When you take time to count, thoughts start tickling your brain.
That sequence — 22-23-24 — which I hadn’t noticed until I wrote it down, could start its own numerological train of thought.
Here’s another number: 1,219. That’s how many editions of Bay Weekly we will have made in the 24 years since we published Vol. 1 No. 1 on Earth Day 23, April 22, 1993.
What do all those issue amount to? Where did all those years go? How is now different from then?
I was coming up with more questions than answers until I bumped into Victoria Coles’ research into changing Chesapeake times.
We are in the midst of change, Coles told me from her at Horn Point Laboratory in Cambridge, part of the University of Maryland’s Center for Environmental Science.
Coles and a couple of other researchers, Ralph Hood and Kari St. Laurent, have been “thinking about what people and organisms actually feel: daily weather, 10 or 15 warm days and their cumulative stress on people and environment,” she said.
They found plenty of answers. But they had to look further than a mere 24 years.
“In shorter times like 25 or 50 years, you start to see natural climate variability that overshadows long trends,” Coles told me.
Coles’ team went back 114 years, to the beginning of the 20th century.
From that perspective, they documented patterns that may feel familiar.
Summers really are hotter.
We suffer through 30 more “tropical summer nights” each year now than our ancestors did 100 years ago. On tropical nights, temperatures stay above 68 degrees.
Maryland is feeling the heat more than Virginia, whose increase was only 20 days, while ours was 40, Coles explained. Since Bay Weekly went into business, we’ve added 10 of those insufferable nights when, without air-conditioning, you never cool off. Your clothes stick to you, your skin feels clammy and you toss and turn.
That’s only one way we feel the difference.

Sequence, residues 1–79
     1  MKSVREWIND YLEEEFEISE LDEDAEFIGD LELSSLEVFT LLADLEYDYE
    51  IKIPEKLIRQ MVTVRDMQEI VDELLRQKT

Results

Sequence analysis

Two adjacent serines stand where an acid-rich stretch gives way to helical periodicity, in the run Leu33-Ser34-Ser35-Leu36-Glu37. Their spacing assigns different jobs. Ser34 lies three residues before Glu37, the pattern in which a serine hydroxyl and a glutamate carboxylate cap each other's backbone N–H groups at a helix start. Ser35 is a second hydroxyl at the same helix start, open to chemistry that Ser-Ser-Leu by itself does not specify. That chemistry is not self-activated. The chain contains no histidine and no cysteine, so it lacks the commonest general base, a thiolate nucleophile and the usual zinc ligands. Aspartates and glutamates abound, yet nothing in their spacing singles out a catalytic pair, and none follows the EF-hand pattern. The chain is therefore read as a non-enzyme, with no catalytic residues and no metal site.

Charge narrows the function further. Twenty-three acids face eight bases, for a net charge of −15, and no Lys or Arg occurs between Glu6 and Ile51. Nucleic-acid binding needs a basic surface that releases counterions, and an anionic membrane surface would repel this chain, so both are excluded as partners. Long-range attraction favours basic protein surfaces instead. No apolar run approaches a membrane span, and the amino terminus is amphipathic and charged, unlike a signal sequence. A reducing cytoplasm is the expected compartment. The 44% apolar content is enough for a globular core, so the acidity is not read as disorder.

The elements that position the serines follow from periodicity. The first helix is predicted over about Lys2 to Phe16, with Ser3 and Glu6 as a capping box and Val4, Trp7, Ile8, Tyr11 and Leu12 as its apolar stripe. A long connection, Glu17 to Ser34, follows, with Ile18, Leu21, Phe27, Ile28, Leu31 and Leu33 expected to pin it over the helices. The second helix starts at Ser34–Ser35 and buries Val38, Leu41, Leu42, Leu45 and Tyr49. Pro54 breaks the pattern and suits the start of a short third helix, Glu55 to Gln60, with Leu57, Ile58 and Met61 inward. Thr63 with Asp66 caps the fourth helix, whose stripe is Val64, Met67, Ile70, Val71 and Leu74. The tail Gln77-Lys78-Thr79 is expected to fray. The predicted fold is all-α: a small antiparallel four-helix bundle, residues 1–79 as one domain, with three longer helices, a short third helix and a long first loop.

“It impacts human health,” Coles said. “When nights are not cooling, impaired immune systems really struggle.”
Implications extend beyond human health to energy use and crop yields.
Meanwhile, cold is lessening.
“Since 1917,” Coles said, “frost days per year have dropped by a full month.”
“This longterm trend,” she noted, “could be quite different for any given 25-year period because of natural climate variability.” But it could also have given our last quarter-century a week or eight fewer frost days. How does that accord with your experience? Maybe you even kept records.
Chesapeake Country has grown wetter as well as hotter. As a region, we get about 41⁄2 more inches of rain per year than fell a century ago. Again, Maryland got the lion’s share, a full six inches. Intensity is increasing, too, rising by 10 inches per year (and six in Maryland) in “heavy precipitation events,” Coles said.
All these changes amount to a longer growing season, 17 days more in Maryland over the past century.
With all this change comes — no big surprise “lots of variability.” Like this year, Coles noted, “when we saw magnolia blooms get frost killed.”
Each of those changes has huge consequences that can make the future ever more different and, by our old habits, more difficult to manage. “Agriculturally,” she says — and in so many other ways — “it makes it hard to plan.”
I’m planning Bay Weekly’s 1,220th issue for April 27, nonetheless.
Coles and her colleagues hope we will do more.
“Our point here,” she wrote, “was to talk more about what we’ve been seeing in a way that might convince people to take actions that would increase their own personal and community resilience.”
That’s what Bay Weekly is about. Every week, I try to take that message home, just as you do.
Learn more: https://tinyurl.com/changingchesapeake.
Sandra Olivetti Martin
Editor and publisher
email email@example.com, www.sandraolivettimartin.com